The Securities and Exchange Commission (“SEC”), on March 31, 2014, announced insider trading charges against two men who allegedly traded on information they overheard from their respective wives. On April 3, 2014, the SEC announced charges against two friends who traded tips related to an impending acquisition deal. The spouse cases and friend cases differ with respect to the culpability of the tipper. In the friend cases, the tipper and the tippees were all aware that they were breaching their duties to maintain the information and not trade on it. In the spouse cases, the wives were unaware of their husbands’ intentions and actions and had previously informed their husbands of the prohibition on trading on any information gleaned from them.
The SEC has charged three friends who worked together to trade on nonpublic information related to the acquisition of The Shaw Group by Chicago Bridge & Iron Company. John W. Femenia was employed by a major investment bank from which he obtained the information about the impending acquisition. Femenia told his friend Walter D. Wagner the nonpublic information and Wagner passed that information along to Alexander J. Osborn. Osborn and Wagner proceeded to invest substantially all of their liquid assets based on the information from Femenia. When the public announcement was made, Wagner and Osborn profited approximately $1 million collectively.
Femenia was charged in December 2012 for knowingly being the source of nonpublic information to a whole insider trading ring.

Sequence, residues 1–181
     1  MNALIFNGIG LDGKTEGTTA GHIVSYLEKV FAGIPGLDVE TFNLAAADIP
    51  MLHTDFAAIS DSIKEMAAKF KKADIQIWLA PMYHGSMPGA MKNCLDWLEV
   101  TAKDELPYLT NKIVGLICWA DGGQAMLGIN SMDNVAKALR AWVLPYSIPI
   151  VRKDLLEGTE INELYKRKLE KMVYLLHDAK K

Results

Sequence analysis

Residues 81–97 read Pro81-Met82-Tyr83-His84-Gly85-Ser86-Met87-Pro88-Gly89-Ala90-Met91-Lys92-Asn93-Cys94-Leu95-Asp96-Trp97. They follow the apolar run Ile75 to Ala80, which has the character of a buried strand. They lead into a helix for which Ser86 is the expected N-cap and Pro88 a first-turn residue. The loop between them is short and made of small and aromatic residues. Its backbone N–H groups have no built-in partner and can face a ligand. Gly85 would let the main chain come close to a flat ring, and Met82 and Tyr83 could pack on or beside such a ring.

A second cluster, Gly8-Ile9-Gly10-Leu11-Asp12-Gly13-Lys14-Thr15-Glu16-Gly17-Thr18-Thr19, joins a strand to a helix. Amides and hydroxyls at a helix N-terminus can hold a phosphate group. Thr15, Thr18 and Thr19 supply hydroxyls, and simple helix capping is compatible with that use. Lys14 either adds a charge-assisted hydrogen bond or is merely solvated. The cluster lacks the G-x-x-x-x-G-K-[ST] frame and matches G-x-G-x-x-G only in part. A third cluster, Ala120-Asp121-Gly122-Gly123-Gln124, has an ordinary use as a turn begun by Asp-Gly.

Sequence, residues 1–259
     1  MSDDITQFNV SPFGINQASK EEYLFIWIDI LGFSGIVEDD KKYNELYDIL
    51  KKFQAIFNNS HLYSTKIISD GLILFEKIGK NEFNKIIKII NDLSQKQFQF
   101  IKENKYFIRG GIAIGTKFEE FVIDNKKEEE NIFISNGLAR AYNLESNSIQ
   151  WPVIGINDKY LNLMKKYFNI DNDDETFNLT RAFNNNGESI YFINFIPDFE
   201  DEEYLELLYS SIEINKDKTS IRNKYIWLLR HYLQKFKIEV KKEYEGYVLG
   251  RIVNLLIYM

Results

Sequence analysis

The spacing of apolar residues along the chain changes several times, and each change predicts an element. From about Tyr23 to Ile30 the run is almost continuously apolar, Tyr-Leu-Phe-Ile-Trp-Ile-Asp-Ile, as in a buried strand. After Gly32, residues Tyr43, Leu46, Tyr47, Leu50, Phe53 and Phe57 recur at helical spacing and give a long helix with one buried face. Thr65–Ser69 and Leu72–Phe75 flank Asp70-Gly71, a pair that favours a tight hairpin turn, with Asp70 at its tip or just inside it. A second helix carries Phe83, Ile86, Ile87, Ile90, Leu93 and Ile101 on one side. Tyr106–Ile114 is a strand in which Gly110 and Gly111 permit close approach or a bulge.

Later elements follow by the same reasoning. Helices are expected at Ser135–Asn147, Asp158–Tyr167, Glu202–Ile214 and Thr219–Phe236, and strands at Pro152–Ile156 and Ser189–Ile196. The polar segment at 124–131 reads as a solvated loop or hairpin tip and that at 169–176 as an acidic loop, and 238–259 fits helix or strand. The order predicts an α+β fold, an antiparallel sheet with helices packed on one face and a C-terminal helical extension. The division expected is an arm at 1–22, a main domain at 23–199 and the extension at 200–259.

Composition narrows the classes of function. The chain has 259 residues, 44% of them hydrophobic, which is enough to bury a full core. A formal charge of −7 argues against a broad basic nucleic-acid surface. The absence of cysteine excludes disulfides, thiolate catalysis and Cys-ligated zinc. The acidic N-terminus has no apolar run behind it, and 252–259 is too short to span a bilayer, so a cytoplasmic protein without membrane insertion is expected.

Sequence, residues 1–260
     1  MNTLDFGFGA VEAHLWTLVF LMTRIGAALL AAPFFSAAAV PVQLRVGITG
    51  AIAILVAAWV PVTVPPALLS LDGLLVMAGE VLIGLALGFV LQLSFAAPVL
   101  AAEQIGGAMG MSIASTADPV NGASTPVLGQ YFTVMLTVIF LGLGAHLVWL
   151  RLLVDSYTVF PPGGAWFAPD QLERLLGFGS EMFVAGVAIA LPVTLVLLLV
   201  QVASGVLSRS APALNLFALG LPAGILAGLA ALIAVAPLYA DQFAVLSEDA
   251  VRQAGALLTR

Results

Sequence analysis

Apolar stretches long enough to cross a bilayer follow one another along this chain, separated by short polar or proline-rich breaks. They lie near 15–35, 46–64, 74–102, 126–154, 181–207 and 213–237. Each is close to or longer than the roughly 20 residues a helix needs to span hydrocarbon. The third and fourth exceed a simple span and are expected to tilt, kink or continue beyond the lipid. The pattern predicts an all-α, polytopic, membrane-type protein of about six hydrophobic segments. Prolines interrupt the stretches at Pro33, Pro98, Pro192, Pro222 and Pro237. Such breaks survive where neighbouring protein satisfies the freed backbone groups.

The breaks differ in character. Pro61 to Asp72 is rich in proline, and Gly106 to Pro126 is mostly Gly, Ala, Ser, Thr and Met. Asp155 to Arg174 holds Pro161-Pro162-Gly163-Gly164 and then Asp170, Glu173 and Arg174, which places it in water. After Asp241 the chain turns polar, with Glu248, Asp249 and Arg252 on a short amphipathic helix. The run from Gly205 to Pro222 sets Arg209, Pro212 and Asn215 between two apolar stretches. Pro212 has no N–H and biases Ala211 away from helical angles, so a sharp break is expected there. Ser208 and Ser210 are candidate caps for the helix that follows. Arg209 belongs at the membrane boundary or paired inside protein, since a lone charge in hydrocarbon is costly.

Wagner settled with the SEC by disgorging all illicit profits and a parallel criminal action against him was announced on April 3rd. The SEC case against Osborn is ongoing.
The SEC charged two men with insider trading, in unrelated cases, for illegally trading on information they obtained from their wives. In each case, the husband overheard his wife on a business call in which market moving information was discussed. The SEC found that both men were aware of the prohibition on trading on the information obtained from their spouses and knowingly violated the duty and profited from the information.
Both men have settled their cases with the SEC and each has agreed to pay more than double the profits realized.
The lessons from these cases apply to any person who may obtain material nonpublic information about public entities that they have a duty to protect. Investment advisers and broker-dealers should be sure their insider trading training and policies address the friends and family issue directly. Employers should remind their employees to be cognizant of who can overhear their phone conversations or potentially see their written communication with clients or co-workers and take as many precautions as practicable to prevent the insider information from being used illegally.